Bitcoin a dud in El Salvador, first country to make it legal tender

Hardly anyone used Bitcoin last year in El Salvador, the first country anywhere to make the cryptocurrency a form of legal tender, according to a poll released Wednesday.

The government of President Nayib Bukele took this pioneering step in 2021, introducing bitcoin in circulation alongside the US dollar, which replaced the Salvadoran colon in 2001.

The goal was to make remittances — they account for a quarter of GDP here — cheaper to send and to get Salvadorans to open bank accounts, which 70 percent of the population lacked.

However a poll by Central American University found that 85 percent of people questioned did not use bitcoin to pay for a good or service last year, and three percent have never ever used the currency.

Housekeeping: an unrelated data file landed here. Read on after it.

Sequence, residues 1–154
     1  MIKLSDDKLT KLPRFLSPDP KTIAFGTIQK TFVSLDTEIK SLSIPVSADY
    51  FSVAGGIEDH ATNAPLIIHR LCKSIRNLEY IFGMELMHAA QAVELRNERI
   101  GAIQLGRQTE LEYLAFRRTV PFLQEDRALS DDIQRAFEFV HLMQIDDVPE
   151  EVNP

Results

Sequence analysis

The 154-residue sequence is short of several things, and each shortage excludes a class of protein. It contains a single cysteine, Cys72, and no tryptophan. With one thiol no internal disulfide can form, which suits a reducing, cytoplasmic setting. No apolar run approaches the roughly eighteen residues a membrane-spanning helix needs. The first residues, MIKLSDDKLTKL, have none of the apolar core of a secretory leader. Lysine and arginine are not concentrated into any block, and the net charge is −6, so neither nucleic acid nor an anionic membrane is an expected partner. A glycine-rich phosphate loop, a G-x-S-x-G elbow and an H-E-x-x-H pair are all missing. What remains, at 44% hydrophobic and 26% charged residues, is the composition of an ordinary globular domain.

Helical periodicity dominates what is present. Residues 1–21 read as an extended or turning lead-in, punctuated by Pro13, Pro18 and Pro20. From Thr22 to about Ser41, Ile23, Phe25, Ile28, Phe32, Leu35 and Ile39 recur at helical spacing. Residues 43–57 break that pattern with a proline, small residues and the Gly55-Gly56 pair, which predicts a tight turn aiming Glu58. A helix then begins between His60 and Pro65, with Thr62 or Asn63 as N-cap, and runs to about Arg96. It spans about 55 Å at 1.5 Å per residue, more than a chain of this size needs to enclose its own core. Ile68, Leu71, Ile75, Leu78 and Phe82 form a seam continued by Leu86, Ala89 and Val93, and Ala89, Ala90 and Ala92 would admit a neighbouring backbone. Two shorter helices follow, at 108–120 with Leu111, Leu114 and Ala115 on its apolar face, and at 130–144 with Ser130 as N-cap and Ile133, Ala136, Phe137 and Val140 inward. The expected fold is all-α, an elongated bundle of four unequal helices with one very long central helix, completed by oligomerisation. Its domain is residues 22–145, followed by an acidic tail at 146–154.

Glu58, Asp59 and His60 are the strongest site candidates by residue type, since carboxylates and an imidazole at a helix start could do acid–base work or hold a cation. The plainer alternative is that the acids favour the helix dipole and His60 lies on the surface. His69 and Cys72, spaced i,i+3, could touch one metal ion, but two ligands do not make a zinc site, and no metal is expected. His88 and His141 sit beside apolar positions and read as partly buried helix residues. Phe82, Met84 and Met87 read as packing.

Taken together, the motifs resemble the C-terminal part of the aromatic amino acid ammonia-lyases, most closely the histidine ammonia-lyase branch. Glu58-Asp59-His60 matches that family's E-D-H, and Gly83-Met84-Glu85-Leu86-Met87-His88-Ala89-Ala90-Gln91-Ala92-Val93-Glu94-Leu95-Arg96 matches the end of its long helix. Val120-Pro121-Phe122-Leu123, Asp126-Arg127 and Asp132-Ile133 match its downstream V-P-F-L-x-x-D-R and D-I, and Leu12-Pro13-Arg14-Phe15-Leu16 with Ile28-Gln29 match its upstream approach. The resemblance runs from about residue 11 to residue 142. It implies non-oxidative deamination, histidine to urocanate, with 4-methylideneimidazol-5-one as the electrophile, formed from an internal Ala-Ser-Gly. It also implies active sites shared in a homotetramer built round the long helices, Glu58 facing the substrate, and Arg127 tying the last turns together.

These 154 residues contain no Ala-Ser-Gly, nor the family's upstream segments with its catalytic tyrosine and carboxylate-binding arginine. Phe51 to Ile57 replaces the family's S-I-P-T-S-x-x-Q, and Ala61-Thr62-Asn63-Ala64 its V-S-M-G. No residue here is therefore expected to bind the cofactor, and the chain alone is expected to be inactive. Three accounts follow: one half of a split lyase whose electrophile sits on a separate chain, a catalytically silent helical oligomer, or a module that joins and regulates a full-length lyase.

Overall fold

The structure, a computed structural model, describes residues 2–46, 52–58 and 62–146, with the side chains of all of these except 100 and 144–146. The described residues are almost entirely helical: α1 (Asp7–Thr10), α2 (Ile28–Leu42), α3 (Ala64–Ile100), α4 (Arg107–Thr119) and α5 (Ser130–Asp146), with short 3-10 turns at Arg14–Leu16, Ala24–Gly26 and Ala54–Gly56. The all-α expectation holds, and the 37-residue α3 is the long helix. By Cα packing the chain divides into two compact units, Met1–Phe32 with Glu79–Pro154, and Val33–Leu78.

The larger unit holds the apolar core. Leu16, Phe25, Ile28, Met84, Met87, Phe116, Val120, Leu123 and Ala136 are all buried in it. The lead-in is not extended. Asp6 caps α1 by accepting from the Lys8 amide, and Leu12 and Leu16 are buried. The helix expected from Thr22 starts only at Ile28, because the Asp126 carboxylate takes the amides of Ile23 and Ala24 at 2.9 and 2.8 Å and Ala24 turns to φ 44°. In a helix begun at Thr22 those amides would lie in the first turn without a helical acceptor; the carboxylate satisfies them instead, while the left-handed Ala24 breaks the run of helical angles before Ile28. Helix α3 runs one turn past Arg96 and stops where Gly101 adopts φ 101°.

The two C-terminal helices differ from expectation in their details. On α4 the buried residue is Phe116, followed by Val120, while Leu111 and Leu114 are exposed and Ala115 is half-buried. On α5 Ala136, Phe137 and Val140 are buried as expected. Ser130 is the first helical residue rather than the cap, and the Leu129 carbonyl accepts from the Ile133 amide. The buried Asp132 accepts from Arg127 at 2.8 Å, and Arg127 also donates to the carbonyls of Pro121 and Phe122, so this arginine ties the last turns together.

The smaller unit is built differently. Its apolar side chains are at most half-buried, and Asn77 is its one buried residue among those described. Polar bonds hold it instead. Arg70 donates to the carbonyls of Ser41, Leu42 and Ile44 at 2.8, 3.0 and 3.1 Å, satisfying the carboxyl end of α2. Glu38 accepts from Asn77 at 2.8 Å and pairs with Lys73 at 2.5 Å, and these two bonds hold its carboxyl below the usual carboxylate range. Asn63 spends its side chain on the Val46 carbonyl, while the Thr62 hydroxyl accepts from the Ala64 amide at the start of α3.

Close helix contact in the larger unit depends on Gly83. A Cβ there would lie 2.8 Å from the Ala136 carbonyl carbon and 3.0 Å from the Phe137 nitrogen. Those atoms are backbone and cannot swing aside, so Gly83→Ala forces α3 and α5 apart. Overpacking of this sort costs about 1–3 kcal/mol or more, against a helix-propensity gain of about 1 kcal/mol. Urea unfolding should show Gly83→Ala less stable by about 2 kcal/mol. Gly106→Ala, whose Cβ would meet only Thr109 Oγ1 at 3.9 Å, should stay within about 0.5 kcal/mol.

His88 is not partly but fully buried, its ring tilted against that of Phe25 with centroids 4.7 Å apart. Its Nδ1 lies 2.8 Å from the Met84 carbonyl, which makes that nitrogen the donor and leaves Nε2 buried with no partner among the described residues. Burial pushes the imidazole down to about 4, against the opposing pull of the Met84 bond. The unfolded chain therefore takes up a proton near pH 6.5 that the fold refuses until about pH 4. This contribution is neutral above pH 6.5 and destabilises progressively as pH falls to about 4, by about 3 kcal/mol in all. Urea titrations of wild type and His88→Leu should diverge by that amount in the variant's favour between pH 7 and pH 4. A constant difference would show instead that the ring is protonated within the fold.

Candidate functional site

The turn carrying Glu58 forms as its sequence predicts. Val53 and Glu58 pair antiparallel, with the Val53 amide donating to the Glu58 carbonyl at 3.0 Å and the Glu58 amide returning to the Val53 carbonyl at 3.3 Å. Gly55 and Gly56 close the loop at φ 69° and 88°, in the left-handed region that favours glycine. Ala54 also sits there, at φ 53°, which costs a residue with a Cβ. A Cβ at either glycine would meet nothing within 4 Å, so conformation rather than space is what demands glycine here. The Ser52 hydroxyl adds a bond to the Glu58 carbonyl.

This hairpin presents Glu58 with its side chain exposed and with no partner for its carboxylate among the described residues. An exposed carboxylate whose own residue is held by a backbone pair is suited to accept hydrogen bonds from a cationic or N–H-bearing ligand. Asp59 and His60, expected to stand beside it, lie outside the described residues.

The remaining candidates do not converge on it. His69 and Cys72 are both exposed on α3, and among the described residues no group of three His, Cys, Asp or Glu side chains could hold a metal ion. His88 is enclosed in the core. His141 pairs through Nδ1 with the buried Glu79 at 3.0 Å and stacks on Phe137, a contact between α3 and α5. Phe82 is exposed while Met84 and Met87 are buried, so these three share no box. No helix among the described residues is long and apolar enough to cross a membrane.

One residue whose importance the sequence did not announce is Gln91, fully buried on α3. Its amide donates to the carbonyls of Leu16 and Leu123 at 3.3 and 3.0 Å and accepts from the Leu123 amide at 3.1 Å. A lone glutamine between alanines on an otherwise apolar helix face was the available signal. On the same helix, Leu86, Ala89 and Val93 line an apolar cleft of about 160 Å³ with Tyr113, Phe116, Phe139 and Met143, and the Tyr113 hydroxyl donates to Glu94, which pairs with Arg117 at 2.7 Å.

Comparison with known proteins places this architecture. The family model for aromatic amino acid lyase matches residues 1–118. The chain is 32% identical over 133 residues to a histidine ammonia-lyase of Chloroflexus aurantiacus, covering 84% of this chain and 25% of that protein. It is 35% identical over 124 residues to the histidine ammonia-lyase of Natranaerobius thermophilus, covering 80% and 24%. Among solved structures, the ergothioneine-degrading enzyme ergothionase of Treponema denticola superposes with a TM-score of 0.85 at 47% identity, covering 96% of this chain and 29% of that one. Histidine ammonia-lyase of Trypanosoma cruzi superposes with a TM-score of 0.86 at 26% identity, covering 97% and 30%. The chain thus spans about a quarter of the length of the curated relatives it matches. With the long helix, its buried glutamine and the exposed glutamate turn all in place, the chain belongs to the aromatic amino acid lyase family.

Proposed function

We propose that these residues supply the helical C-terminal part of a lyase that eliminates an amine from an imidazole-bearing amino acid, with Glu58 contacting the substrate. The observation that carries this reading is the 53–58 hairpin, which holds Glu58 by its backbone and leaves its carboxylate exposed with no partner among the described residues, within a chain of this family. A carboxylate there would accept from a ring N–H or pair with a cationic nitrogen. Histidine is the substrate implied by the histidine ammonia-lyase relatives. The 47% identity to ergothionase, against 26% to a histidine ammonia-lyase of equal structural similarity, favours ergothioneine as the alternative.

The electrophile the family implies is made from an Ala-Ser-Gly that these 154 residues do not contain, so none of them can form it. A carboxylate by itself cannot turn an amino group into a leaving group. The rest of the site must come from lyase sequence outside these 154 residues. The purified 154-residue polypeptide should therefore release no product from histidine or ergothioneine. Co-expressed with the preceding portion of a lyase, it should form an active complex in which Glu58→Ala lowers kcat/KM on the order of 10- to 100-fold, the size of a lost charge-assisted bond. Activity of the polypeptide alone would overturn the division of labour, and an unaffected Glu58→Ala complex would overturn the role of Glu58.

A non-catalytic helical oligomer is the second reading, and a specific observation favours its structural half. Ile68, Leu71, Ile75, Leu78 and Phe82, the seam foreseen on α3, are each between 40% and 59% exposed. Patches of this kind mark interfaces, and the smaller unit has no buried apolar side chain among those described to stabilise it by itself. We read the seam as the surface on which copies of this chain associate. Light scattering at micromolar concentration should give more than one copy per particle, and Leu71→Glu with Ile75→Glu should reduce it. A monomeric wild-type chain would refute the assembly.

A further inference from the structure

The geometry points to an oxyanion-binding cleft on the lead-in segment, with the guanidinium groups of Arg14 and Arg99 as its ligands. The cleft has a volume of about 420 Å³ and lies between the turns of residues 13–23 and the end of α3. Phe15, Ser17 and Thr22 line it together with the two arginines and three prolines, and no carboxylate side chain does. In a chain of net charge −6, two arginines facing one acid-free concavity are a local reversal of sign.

The poll was carried out from December 9 to 22 among 1,280 people and had a margin of error of 2.7 percent.

A total of 77.8 percent of those questioned said that with bitcoin as legal tender their family financial situation has remained unchanged.

The government has said it has bought 2,381 bitcoin, without specifying what it paid.

Bitcoin hit a 22-month high on Tuesday at $47,914 per unit after a fabricated post on the X platform, formerly Twitter, said the US Securities and Exchange Commission had agreed to let bitcoin exchange-traded funds list on leading stock markets.